21. Journey to the cross: The heart of tradition

During my teen years, as the traditional remembrances surrounding Easter
rolled around – Maundy Thursday, Good Friday, and the Resurrection on
Sunday morning – it began to bother me that all of that simply didn’t jibe
with what I was reading in my Bible. Truthfully, it really bothered me. And
as usual, I wasn’t able to find anyone, including pastors, who could give me
a satisfactory answer.

My problem was this: If Jesus said he would be in the grave for three days and three nights (Matthew 12:40), why do we jump from the crucifixion on Friday to the resurrection on Sunday. No matter how I tried to rationalize that, it simply didn’t work. So for years I wondered: Why did Jesus say that?

I finally found the answer,  after my fibromyalgia diagnosis, during the time when I had no choice but to be still and let God teach me some things that I’d been too busy to pick up on earlier. Lo and behold, into my hands came a book titled, A Scientific Approach To Biblical Mysteries by Robert W. Faid (1993; Guideposts and New Leaf Press). And in Chapter 6 – under the presumptuous title, “When Was the Crucifixion? It Wasn’t on a Friday!” I found the answers I had been seeking for decades.

Once again we need to refer back to the fourth century and the Emperor
Constantine, who apparently forgot that Jesus himself was a Jew, because in
the year 325, he ordered all Jews to leave Rome. At that time, the Nicaean
Council ruled that Christians could have nothing to do with Jews, including
the celebration of Passover. Instead they instituted the pagan holiday known
as “Easter” to commemorate Christ’s death and resurrection in a non-Jewish
sort of way.

According to Jewish custom and the Gospel writers, here’s how it all went
down:

ON SATURDAY, (the Jewish Sabbath) Jesus entered Jerusalem on the colt of
a donkey in fulfillment of Zechariah’s prophecy (Zechariah 9:9). Christians
call this Palm Sunday.

ON SUNDAY, Jesus entered the temple and rebuked the moneychangers.

ON MONDAY, Jesus returned to Jerusalem and taught in the temple courts.
And Judas Iscariot promised to betray his Teacher for 30 pieces of silver,
fulfilling the Zechariah 11:12 prophecy.

ON TUESDAY, preparations were made for Wednesday’s evening meal,
called the Passover. So, Jesus sent two of his disciples to prepare a place for the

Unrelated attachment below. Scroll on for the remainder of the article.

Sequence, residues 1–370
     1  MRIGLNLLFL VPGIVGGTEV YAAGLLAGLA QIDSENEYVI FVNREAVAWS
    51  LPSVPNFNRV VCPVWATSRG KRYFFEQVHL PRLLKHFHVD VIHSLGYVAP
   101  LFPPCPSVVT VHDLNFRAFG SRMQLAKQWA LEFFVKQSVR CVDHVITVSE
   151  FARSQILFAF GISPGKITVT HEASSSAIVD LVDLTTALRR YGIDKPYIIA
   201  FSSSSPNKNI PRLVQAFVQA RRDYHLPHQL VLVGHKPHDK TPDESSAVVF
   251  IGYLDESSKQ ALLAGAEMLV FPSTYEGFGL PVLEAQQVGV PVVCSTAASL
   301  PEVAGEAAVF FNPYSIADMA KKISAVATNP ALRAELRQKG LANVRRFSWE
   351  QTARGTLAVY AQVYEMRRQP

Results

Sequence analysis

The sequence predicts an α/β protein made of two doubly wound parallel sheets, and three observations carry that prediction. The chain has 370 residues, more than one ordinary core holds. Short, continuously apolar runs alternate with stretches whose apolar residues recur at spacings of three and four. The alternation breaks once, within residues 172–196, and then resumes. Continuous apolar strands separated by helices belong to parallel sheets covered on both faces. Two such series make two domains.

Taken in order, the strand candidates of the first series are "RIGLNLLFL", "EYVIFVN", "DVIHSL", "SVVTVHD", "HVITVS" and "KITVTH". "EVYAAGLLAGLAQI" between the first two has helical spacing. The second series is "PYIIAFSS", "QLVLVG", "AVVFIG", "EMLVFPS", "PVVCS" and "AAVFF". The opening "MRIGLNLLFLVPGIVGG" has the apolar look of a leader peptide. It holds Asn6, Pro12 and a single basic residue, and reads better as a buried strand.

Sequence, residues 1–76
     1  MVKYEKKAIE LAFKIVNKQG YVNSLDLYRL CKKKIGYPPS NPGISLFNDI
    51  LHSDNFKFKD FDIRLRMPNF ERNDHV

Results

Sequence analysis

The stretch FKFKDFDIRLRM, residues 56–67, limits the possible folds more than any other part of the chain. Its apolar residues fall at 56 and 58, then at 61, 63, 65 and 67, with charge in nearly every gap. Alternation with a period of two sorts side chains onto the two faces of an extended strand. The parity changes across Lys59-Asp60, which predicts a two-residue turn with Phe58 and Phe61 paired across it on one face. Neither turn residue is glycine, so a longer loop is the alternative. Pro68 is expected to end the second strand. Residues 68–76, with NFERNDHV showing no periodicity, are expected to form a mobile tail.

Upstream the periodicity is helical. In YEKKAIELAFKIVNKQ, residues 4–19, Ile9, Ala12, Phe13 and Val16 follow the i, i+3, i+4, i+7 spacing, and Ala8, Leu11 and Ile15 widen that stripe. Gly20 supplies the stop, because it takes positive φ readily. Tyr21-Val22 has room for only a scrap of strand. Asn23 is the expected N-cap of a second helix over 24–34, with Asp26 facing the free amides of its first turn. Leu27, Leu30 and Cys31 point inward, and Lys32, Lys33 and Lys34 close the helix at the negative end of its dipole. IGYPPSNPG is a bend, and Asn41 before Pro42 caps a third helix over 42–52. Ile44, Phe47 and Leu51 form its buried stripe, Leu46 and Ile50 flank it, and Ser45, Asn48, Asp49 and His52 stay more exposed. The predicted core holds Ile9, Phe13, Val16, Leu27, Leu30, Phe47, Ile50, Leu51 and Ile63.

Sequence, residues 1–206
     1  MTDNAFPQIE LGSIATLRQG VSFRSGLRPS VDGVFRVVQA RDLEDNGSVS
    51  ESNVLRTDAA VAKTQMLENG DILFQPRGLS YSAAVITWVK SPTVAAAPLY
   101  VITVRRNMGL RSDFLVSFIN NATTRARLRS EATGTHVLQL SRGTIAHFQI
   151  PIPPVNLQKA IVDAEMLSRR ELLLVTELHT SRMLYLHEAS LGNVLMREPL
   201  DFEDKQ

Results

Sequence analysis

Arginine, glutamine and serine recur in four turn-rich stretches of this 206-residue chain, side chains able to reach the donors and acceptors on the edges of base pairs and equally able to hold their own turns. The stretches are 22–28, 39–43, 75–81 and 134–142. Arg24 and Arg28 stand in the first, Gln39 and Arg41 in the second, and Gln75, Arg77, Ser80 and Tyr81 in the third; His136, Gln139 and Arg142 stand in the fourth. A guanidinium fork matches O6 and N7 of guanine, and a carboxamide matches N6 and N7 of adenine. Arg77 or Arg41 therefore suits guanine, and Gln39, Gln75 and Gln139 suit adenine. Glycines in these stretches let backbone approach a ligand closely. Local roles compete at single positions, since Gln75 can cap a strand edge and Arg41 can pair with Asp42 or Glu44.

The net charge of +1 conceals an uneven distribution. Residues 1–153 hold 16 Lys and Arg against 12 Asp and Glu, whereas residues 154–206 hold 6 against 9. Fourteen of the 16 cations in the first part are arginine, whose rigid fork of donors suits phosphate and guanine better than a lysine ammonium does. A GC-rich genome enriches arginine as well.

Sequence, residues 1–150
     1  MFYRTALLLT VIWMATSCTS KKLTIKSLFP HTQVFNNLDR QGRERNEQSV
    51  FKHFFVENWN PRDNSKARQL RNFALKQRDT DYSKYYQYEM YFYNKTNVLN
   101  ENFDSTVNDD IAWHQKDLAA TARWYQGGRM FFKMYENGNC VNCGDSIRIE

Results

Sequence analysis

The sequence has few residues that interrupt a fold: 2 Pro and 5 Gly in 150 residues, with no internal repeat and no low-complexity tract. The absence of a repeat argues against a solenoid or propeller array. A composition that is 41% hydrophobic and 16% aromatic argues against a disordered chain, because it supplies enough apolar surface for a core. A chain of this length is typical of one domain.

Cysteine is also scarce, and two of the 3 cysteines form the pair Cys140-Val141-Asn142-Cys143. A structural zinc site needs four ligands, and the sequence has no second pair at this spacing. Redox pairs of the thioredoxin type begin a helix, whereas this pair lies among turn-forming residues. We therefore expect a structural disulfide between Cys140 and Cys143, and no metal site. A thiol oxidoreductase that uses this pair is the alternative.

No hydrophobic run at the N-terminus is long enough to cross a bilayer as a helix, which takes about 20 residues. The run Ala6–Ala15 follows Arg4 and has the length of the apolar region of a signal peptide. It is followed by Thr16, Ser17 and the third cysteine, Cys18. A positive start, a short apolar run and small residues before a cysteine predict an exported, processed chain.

Seder, Tuesday’s ritual evening meal. (Christians call this the Last Supper.)

ON TUESDAY NIGHT after the Seder, Jesus and his disciples – minus Judas
Iscariot – went to pray at Gethsemene. Then they walked across the Kidron
Valley to an olive grove. Judas knew where they would be, and he led the
chief priests straight to Jesus. In the middle of the night, Jesus was arrested
for blasphemy, because he claimed to be the Son of God.

ON WEDNESDAY MORNING, Jesus was brutalized and sentenced to
death. He was nailed to the cross around 9 a.m.

ON WEDNESDAY AFTERNOON, Jesus died at 3 P.M. (Mark 15:33). His
body was placed in a tomb before sundown in accordance with Jewish law.

JESUS’ BODY REMAINED IN THE TOMB FOR THREE DAYS:
Thursday was Passover and people were not allowed to travel. Roman guards
stood in front of the tomb. Friday was an additional Sabbath, always observed
on the day after Passover, according to Jewish tradition. Saturday was a regular
Sabbath with travel restrictions.

ON SUNDAY travel restrictions were lifted. Visitors were allowed at Jesus’
tomb and they saw that it was empty, except for the linen shroud and the cloth
that had wrapped Jesus’ head.

I’ve come to terms with Christian tradition regarding the remembrance of Jesus’ last days and the celebration of his glorious resurrection. After all, Jesus is much more concerned about the sincere hearts of his fully devoted followers.

Have a blessed Resurrection Day celebration!

With love in Him,

Paula

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